FOR IMMEDIATE RELEASE THURSDAY, APRIL 20, 1995

CR (202) 616-2765 TDD (202) 514-1888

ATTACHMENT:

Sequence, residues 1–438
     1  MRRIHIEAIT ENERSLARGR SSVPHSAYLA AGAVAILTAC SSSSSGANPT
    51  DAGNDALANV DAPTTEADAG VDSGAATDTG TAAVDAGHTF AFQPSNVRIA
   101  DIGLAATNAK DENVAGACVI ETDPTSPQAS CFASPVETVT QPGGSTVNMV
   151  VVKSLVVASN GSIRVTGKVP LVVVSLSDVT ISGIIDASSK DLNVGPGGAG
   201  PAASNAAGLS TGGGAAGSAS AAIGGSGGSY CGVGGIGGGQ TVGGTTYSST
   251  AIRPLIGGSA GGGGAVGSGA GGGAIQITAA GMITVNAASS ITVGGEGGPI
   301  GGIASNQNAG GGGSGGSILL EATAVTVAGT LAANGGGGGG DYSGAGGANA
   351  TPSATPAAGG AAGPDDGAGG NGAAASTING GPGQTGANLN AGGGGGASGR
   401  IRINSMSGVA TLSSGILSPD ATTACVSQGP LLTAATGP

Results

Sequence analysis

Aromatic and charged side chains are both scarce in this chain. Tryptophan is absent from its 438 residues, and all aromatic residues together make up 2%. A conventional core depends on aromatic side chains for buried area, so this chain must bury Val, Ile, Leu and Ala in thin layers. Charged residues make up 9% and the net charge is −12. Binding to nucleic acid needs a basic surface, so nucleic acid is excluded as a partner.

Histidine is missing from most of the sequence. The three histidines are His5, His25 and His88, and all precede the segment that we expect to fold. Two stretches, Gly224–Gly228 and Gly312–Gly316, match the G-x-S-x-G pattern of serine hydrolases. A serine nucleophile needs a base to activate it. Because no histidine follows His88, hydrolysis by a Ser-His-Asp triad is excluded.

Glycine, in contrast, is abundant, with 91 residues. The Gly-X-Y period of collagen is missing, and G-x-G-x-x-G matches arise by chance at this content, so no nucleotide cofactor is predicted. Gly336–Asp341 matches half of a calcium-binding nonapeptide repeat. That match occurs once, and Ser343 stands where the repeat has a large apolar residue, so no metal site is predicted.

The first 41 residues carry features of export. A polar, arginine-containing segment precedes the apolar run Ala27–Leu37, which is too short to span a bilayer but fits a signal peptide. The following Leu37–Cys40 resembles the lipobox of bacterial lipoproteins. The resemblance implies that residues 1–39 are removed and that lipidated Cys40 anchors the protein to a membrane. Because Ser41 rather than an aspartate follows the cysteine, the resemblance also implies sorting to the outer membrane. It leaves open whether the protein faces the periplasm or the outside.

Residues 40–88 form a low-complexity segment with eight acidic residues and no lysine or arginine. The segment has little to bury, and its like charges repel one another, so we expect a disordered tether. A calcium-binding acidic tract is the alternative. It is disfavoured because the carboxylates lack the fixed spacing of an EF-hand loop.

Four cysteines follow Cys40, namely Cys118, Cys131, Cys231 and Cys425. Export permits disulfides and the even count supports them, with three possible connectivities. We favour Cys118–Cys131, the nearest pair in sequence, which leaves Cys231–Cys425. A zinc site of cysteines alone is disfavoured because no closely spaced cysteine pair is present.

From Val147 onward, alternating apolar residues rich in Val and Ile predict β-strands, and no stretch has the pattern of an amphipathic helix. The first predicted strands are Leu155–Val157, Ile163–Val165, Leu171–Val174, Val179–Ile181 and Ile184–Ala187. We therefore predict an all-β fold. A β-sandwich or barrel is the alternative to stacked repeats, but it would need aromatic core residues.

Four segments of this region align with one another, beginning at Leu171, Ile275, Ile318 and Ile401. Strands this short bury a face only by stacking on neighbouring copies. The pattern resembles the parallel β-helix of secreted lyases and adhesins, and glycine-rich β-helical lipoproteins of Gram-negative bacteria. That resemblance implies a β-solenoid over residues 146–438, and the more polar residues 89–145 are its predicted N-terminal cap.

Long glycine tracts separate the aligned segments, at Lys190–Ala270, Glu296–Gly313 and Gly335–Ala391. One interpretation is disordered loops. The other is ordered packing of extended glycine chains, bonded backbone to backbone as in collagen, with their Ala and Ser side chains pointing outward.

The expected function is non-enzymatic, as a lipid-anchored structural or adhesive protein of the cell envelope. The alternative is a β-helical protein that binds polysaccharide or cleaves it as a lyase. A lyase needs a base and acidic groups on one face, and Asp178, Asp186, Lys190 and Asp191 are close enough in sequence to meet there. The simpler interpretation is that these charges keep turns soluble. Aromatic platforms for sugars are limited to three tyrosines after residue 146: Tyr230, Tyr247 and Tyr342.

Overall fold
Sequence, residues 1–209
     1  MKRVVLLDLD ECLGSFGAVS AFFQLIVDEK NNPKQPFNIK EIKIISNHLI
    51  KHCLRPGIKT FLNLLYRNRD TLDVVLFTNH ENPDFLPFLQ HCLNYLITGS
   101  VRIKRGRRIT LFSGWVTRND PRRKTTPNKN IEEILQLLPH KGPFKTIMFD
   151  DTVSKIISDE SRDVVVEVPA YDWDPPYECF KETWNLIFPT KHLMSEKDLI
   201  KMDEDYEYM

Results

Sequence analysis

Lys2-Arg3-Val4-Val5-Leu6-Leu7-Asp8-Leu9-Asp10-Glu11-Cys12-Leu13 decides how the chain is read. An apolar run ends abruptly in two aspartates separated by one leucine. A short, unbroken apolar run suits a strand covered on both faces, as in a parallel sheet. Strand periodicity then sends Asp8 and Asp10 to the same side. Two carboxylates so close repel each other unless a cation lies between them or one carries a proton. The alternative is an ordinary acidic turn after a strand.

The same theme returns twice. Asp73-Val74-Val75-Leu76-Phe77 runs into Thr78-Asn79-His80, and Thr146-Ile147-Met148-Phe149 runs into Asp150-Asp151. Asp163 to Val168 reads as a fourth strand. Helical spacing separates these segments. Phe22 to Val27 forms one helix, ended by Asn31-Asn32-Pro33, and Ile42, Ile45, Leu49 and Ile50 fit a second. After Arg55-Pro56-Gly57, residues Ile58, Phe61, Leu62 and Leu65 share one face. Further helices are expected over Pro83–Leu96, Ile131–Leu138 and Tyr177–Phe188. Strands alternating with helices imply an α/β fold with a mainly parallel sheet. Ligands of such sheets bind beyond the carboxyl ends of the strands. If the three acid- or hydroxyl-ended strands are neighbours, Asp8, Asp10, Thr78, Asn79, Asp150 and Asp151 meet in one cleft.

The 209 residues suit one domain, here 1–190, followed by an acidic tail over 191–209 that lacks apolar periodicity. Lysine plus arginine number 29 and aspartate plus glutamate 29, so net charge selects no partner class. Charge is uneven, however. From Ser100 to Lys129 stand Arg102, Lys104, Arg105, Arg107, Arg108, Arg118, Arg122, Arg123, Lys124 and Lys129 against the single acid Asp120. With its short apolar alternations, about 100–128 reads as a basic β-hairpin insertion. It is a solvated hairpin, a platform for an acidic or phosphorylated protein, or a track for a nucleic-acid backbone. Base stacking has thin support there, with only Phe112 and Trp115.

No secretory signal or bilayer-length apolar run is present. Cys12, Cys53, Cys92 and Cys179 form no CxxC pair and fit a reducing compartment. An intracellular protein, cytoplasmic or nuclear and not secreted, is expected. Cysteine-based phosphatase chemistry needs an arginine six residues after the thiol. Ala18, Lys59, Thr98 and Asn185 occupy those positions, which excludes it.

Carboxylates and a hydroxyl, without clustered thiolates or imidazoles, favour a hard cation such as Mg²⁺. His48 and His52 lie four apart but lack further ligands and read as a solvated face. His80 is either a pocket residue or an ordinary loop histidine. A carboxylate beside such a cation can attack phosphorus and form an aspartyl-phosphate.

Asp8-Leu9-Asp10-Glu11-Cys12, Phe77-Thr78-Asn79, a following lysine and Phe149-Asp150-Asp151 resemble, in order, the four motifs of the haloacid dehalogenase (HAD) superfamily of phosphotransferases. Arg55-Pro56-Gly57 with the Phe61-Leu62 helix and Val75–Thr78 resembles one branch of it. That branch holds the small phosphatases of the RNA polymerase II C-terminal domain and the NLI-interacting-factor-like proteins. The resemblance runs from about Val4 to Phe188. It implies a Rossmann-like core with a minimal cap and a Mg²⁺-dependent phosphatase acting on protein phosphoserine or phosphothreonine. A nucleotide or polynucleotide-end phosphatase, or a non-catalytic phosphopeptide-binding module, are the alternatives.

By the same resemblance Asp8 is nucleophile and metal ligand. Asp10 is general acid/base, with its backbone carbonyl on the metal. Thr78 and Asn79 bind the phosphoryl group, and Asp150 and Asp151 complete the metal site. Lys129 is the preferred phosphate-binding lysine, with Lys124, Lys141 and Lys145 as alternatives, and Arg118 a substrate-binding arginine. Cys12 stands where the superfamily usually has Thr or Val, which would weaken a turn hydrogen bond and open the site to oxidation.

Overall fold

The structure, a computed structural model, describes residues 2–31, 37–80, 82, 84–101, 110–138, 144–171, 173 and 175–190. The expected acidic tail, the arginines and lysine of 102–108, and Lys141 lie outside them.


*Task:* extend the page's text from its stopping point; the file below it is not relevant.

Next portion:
TWO MISSISSIPPI JAILS AGREE TO UPGRADE CONDITIONS IN RESPONSE TO JUSTICE DEPARTMENT PROBE WASHINGTON, D.C. -- Two Mississippi jails that were found by the Justice Department to have inadequate medical care, insufficient staffing, and improper fire safety agreed today to upgrade their conditions of confinement. Sunflower County Jail in Indianola and Forrest County Jail in Hattiesburg were two of 18 Mississippi jails the Justice Department investigated following a series of prisoner suicides. The investigations, launched pursuant to the Civil Rights of Institutionalized Persons Act, revealed that conditions at all of the jails failed to meet constitutional standards. A separate criminal investigation into the individual suicides is a pending matter within the Criminal Section of the Civil Rights Division. "We must never allow unconstitutional conditions to go unchallenged in our nation's institutions," said Assistant Attorney General for Civil Rights Deval L. Patrick. "Through the cooperative efforts of federal and local officials, we have been able to reach agreements that will ensure better conditions." Under the agreements, the two jails will develop and implement new policies and procedures, ensure fire safety, provide adequate medical care, guarantee safe and sanitary conditions, and provide adequate inmate security and supervision. The agreements also require both jails to train their staff to meet the provisions of the agreement and develop and implement suicide prevention programs. Sunflower County, whose jail was deemed unfit for human habitation, also agreed to construct a new jail facility, which it recently completed. The Justice Department examined all conditions at the two jails in 1993, including supervision, fire safety, training, staffing and mental and medical care. It then notified local officials of its findings and began negotiations. In a separate action, the Justice Department asked a federal court for permission to intervene in a private case challenging the conditions at the Simpson County Jail in Mendenhall. The Justice Department concluded that conditions in the jail, which was also one of the facilities investigated in 1993, failed to meet constitutional standards. By intervening in the class-action suit, the Justice Department can help obtain a settlement to improve conditions at the Simpson County facility. The Justice Department will monitor the two jails that entered agreements today to ensure that they are complying with them and will continue to monitor the 10 other Mississippi jails which entered agreements last year. The Sunflower County agreement was filed today in U.S. District Court in Oxford, and the Forrest County agreement was filed in U.S. District Court in Jackson. The motion to intervene in Ranier v. Lloyd Jones, Sheriff, Simpson County, was filed in U.S. District Court in Jackson. # # # 95-228